“It’s a unique opportunity with an incredible roster and incredible family here with the Nets and Sean (Marks’) leadership. Joe & Clara (Tsai) support the vision for this community and franchise, and there’s a family feel here that makes it exciting to walk in here. We’re at an incredible point in time for this organization.”
Those are the words of new Brooklyn Nets head coach Steve Nash, speaking in his introductory press conference that was aired on YES Wednesday afternoon. Nash was scheduled to be a guest on WFAN’s Joe & Evan show at 4 p.m. Wednesday, where he will likely go more in-depth on many items, but during his intro, he noted that even though his candidacy for his new job didn’t come in earnest until this summer, it’s something he’s been building towards this entire century.
“This has been a 20-year relationship with Sean (Marks, the Nets’ GM), but as far as this process, I reached out to Sean this summer and asked if this was the right time to throw my name in the hat,” Nash said. “It did come together rather quickly in real time, but this is a conversation that has been going on for a long, long time. (Coaching) had been in my mind so to speak for a long time, and it funneled into this opportunity more recently. It was just something that came from a lot of thought; I felt like I had a lot to offer, and this was a unique opportunity that fit my skill set.”
It certainly came out of nowhere to most, as Nash was never talked about as a candidate for the Nets’ gig – or any coaching spot, for that matter – in earnest until he got the job.
“I did skip the line, so to speak, but at the same time, leading an NBA team for almost two decades is pretty unique. While I haven’t learned all the skills of coaching, I was never far from that,” Nash said. “To be the head of a team on the floor, think on the fly, and bring people together…it’s not like I was in a factory. I learned a tremendous amount in my career, and there’s a precedent in the past for people to get this opportunity. It’s a unique situation, but there are some experiences I have some others won’t because of the type of career I had.”
“Steve is a little different. You look at the career path he had – I was very fortunate to be a teammate and have an up close and personal relationship with Steve – but the leadership he had on and off the court, he was a culture driver when I was with the Suns,” Marks added about the thought process. “We’ve picked each other’s brains for the good part of 10 or 12 years on what does life after basketball look like, and we’ve helped each other a lot. It came very naturally this summer when we first had our conversation, and look – there’s no one I’ve been around that has wanted to be pressure-tested on the spot quite like Steve. This guy has never run from anything, and his career speaks for itself that he made the right decision more times than not.”
Some of that experience Nash brings with him is an eight-year stint as the general manager of the Canadian National Team, where he learned the ins and outs of the structural side of things.
“That was a great experience in collaborating, planning, and all the structural pieces that go into it. I learned a lot from Jay Triano, who was my coach there, about all aspects of the game,” Nash said. “I love to compete, to teach, to lead, and be part of a team, so to be in a position where I can be in that position on a day to day basis and focus my attention on all of those aspects, it’s the perfect role for me. I always thought, ‘when I can’t run up and down the court anymore, where can I contribute?’”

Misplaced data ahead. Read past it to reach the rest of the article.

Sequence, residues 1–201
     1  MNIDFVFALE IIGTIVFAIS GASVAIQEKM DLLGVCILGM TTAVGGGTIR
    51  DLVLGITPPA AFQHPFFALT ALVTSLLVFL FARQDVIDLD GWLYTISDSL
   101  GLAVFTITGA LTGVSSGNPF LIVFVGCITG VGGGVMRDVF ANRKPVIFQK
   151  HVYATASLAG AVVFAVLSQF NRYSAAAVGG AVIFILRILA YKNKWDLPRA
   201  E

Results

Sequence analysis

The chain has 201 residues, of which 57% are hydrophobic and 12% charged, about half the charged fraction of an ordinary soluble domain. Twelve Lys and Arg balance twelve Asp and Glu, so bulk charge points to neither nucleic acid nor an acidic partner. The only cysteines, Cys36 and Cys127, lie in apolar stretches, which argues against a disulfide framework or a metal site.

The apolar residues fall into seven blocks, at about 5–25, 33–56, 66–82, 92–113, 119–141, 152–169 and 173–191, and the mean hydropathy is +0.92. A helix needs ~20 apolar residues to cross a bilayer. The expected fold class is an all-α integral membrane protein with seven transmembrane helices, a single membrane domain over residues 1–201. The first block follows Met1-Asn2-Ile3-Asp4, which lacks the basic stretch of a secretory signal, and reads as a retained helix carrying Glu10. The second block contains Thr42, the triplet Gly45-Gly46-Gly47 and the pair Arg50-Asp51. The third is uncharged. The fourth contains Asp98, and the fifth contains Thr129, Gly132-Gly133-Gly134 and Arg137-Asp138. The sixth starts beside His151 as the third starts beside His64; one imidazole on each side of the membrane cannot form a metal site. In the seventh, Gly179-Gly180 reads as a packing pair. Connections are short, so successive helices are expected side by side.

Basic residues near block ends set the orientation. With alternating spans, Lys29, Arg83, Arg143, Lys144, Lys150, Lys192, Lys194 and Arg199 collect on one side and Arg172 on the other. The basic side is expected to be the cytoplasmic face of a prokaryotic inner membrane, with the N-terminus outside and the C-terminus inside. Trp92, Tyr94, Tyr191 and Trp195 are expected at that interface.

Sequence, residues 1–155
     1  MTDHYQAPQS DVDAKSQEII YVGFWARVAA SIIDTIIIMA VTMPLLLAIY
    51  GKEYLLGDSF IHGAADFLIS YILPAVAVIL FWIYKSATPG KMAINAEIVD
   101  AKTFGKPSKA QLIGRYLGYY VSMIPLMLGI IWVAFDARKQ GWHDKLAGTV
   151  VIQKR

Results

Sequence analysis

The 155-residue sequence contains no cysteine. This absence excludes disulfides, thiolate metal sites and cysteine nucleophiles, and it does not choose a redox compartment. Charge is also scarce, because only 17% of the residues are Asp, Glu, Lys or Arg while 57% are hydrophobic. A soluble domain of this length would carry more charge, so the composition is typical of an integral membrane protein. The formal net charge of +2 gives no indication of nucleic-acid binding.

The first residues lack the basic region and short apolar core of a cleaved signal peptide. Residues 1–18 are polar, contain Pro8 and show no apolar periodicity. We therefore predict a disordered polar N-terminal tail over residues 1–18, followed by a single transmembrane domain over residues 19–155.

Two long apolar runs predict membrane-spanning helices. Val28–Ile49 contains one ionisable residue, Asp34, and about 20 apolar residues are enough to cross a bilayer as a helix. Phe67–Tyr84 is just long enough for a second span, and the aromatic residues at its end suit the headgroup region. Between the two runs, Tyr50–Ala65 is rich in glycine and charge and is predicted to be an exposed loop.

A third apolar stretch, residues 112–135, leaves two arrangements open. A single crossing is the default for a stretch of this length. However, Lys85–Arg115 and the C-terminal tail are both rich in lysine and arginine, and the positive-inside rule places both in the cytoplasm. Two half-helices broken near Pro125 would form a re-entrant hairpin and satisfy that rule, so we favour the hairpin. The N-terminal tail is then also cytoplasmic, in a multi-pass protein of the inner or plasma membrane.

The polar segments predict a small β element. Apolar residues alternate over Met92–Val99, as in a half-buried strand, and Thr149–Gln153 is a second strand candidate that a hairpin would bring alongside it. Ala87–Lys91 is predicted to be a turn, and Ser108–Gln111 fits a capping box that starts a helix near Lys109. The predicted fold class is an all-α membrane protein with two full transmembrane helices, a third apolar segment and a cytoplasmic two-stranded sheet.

And, of course, his tenure as a consultant in Golden State is huge, especially when you remember that he got work first-hand with another former point guard turned head coach with no experience: Steve Kerr.
“To have a close relationship with Steve and see him winning up close gave me an insight that was invaluable,” Nash said. “He taught me a lot with his words, his actions, and his leadership. Getting to see a lot of that up close, I’m grateful, and hopefully can lean on that as we go forward.”
That all said, too, he realizes that in skipping the line, so to speak, he has to acknowledge that he doesn’t know everything, and that’s why he’s happy to have former interim Nets head coach Jacque Vaughn remaining on his staff as the lead assistant.
“I definitely realize that I will need support, and a collaborative staff that has a lot of experience and is willing to build this with me. It doesn’t begin and end with me,” Nash said. “I think Jacque’s qualities speak for themselves. He’s a high-character individual, extremely hard-working and prepared, and what he’s done for this organization – the building he’s done from a cultural and basketball standpoint – is incredible. The inside knowledge he brings is invaluable, and I couldn’t think of a better person to be here. I feel very fortunate that he wants to remain here and be a part of it.”
And all told, there’s only one Steve Nash, but that Steve Nash as head coach will be an amalgam of all he’s learned along the way.
“I don’t know that I want to share all the advice I’ve gotten, but I’ve been influenced by everyone I’ve played for. The lessons you learn and tendencies you pick up when you spend so much time with someone, it rubs off,” he said. “It’s about how you handle pressure, and embrace those moments and thrive in them. I’m fortunate to walk into an organization that has incredible foundations, chemistry, culture, and a basketball-wealthy roster, and I’m excited to be a part of it.”